29 Palms by An-My Lê

A long time ago, I used to I live in Los Angeles. While there, I wrote a draft of a screenplay called Twentynine Palms. Clearly, nothing happened with it, but the film, a western, was set in the area around real-life Twentynine Palms, California. I’ve long held a fascination with deserts—owing to, I’m sure, growing up in verdant Michigan—so, I was delighted to recently discover (and fall in love with) An-My Lê’s photo series, 29 Palms, which you can find in its entirety on her website.

The borders of natural spaces—specifically National Parks—fascinates me. Saying that, here at this spot, marked by this fence, is now the start of “preserved” land…it’s mind-boggling, cordoning off land like that. Necessary, sure, to protect it, but this breakdown of space, where it ends, begins, all of it melting together…is utterly captivating.

We, as humans, don’t want to be bothered by our green spaces, generally. We want them to work for us.  (Thinking here of roads, cutting across the landscape, disturbing deep green forests.) So this series by An-My Lê is especially striking in that regard: photos of training exercises just outside of Joshua Tree National Parks (complete with missile launches, fake raids…you name it), showing the beautiful and arid landscape, but also humans and their training drills punishing it.

Her work goes deeper than this, of course, but this was my first take away. Exploring the meaning further (from an interview with An-My Lê at Art21 in 2011):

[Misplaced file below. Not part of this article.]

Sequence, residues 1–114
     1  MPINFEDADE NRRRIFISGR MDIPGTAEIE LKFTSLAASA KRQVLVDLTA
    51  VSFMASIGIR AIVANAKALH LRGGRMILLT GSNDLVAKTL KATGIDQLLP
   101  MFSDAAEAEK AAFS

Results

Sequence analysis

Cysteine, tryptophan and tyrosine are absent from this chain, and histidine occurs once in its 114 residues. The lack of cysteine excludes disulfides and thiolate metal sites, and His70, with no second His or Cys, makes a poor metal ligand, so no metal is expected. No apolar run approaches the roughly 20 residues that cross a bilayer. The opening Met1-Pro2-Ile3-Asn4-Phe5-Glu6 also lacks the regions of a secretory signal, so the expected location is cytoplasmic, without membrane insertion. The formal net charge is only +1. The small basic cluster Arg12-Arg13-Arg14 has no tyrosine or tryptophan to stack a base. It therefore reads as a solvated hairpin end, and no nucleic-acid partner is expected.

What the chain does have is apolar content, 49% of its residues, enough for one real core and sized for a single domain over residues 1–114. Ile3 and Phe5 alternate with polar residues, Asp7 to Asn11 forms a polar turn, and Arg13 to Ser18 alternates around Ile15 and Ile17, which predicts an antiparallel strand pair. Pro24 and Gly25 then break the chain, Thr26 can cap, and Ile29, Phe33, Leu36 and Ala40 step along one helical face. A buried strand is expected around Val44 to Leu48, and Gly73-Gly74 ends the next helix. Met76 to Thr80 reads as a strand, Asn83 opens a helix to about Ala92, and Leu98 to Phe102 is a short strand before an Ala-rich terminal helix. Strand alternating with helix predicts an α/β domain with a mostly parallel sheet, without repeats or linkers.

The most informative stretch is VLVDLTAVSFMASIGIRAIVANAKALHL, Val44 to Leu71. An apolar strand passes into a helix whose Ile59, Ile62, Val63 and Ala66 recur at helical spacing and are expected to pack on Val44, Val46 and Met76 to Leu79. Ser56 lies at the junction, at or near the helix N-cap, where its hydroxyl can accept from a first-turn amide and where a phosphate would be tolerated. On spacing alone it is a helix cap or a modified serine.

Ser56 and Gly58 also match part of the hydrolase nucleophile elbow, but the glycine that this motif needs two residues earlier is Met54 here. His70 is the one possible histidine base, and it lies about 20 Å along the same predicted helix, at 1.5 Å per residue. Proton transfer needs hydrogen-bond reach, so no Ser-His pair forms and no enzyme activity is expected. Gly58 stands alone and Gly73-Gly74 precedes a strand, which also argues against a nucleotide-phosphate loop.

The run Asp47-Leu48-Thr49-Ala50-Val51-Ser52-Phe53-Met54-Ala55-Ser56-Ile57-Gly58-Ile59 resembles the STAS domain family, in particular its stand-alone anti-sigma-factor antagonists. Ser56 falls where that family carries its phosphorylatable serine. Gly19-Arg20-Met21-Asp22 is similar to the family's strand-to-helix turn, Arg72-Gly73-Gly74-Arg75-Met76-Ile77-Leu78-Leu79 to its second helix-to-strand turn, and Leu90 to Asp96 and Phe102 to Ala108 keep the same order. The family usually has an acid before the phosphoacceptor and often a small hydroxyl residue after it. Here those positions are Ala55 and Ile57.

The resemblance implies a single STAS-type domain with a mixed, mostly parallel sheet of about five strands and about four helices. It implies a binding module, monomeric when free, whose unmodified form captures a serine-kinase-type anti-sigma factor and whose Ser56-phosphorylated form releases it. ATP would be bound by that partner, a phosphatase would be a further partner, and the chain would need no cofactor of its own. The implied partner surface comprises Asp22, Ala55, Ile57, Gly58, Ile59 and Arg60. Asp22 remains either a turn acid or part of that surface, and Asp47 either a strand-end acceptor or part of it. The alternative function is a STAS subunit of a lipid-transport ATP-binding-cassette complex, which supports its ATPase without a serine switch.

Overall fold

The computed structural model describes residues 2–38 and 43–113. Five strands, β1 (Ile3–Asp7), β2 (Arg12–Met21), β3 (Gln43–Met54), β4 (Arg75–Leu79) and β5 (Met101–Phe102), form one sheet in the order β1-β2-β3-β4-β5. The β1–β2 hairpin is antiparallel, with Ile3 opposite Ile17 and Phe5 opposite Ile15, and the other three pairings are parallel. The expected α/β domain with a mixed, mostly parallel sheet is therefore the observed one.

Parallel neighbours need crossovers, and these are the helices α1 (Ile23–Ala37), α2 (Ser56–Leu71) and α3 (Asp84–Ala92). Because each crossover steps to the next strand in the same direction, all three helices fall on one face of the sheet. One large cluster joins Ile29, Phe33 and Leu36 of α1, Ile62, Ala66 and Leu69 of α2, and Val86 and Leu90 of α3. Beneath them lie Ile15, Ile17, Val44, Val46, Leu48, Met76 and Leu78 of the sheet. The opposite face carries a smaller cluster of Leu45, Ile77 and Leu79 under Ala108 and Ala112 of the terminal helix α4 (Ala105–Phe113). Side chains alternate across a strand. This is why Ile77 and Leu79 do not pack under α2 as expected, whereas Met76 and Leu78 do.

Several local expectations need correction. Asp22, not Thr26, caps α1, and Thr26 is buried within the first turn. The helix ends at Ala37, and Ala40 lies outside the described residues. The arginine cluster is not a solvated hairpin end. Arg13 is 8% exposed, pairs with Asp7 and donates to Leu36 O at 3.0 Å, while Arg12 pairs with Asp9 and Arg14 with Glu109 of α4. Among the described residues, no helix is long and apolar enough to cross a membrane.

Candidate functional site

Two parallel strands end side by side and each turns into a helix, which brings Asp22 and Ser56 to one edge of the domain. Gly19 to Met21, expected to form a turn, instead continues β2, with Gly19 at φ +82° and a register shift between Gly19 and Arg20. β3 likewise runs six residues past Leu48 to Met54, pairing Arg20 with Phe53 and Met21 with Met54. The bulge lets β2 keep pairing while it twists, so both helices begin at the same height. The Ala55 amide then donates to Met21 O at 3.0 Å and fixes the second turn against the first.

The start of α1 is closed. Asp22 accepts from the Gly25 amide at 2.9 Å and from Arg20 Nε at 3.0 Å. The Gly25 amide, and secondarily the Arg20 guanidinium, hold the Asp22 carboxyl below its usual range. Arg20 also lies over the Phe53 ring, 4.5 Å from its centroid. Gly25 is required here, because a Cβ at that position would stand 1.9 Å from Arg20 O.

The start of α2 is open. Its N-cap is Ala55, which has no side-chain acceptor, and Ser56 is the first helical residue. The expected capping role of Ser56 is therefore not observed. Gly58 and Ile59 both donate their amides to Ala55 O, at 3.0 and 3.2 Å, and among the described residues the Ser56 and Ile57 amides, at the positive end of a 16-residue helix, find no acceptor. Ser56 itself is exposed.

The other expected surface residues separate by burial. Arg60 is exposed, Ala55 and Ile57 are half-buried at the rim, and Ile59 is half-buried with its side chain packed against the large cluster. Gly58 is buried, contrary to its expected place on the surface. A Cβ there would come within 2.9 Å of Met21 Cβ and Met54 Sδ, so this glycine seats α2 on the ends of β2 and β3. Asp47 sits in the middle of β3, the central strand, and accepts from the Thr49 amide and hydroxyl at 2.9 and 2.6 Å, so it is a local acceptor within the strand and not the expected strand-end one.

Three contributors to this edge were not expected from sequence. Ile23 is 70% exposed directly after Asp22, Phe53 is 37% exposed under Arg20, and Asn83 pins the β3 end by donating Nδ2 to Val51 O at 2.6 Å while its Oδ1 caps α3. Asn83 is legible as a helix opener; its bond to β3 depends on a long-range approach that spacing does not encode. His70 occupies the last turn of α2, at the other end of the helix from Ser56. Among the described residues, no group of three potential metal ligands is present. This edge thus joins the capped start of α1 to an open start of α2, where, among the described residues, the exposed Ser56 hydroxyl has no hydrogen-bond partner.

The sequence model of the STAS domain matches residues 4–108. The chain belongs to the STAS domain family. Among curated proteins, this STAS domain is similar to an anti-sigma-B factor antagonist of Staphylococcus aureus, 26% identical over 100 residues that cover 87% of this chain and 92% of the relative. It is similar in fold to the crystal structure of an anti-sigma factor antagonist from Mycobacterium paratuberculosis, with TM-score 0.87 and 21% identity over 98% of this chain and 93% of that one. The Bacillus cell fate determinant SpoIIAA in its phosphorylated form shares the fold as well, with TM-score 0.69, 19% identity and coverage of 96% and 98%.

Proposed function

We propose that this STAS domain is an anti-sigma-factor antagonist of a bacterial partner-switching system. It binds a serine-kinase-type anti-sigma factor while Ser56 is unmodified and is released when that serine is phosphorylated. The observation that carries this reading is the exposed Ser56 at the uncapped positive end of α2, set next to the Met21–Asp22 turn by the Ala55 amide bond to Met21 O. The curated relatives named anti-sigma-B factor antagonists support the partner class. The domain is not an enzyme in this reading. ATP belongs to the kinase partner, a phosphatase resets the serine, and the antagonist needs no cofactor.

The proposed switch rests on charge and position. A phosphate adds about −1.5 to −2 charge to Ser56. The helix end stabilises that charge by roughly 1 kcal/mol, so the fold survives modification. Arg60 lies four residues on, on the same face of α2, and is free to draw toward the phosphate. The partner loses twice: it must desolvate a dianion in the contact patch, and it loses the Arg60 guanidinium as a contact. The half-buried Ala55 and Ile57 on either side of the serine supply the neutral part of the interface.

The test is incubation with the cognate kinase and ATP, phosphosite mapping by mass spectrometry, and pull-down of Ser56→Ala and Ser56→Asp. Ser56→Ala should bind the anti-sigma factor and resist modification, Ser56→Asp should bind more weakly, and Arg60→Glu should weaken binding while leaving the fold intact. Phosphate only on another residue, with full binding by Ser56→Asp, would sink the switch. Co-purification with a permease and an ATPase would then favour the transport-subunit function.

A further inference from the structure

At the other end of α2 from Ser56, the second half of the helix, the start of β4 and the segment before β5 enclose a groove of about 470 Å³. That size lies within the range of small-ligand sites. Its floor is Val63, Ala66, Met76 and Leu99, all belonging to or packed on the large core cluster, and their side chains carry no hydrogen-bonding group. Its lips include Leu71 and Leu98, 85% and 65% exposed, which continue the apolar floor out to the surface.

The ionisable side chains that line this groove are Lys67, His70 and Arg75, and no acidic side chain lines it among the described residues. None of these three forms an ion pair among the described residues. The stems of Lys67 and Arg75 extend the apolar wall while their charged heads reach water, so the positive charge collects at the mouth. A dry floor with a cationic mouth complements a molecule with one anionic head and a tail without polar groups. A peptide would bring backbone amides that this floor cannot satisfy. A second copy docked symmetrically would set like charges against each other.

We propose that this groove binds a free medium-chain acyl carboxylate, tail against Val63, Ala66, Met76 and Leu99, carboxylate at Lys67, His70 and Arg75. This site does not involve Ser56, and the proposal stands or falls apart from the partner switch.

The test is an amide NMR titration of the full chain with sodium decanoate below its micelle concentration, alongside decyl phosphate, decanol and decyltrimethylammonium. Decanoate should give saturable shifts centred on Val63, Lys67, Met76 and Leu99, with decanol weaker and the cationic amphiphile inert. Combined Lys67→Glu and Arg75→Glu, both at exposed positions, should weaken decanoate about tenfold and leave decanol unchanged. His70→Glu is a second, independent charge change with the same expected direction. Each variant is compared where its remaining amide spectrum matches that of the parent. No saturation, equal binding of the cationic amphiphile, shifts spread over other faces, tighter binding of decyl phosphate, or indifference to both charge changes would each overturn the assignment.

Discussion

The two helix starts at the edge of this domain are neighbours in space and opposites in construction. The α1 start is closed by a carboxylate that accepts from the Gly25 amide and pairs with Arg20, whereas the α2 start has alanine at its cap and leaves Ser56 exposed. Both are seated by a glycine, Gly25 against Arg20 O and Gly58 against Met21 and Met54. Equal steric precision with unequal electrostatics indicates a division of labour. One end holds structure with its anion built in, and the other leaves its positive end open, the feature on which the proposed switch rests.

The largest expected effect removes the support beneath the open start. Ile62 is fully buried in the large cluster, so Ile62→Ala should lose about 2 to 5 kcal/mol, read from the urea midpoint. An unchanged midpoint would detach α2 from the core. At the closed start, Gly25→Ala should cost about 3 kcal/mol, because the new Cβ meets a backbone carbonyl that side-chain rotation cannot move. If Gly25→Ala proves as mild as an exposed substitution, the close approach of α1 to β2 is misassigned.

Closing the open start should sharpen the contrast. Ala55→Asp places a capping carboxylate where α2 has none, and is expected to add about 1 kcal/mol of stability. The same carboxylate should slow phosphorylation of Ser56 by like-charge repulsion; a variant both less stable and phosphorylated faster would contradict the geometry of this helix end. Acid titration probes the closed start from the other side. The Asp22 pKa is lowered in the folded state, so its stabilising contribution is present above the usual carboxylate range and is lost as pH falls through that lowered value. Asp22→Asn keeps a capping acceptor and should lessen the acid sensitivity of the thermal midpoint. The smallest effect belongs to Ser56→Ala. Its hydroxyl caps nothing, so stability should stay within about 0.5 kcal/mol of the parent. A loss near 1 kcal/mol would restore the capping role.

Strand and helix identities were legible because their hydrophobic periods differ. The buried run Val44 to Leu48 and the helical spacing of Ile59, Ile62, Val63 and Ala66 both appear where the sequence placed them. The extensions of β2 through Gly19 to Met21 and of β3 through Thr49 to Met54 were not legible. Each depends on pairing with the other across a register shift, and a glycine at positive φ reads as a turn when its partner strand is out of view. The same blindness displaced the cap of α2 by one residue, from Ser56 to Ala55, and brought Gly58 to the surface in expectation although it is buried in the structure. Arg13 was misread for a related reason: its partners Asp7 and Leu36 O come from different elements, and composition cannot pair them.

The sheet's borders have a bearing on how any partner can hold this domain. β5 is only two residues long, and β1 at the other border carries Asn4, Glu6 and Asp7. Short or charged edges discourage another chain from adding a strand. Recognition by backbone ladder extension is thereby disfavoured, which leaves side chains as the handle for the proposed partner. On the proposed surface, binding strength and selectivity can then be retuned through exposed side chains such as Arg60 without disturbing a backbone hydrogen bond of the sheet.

I just wanted to approach the idea of war in a more complicated and more challenging way” says artist An-My Lê, whose photographic series and film “29 Palms” (2003-04) explore the training exercises and desert landscape near Joshua Tree National Park as a staging ground for the conflicts in Iraq and Afghanistan.

An-My Lê’s photographs and films examine the impact, consequences, and representation of war, framing a tension between the natural landscape and its violent transformation into battlefields. Suspended between the formal traditions of documentary and staged photography, Lê’s work explores the disjunction between wars as historical events and the ubiquitous representation of war in contemporary entertainment, politics, and collective consciousness.

Can’t recommend this, and An-My Lê’s photography in general—beautiful, compelling, desolate, thought-provoking.

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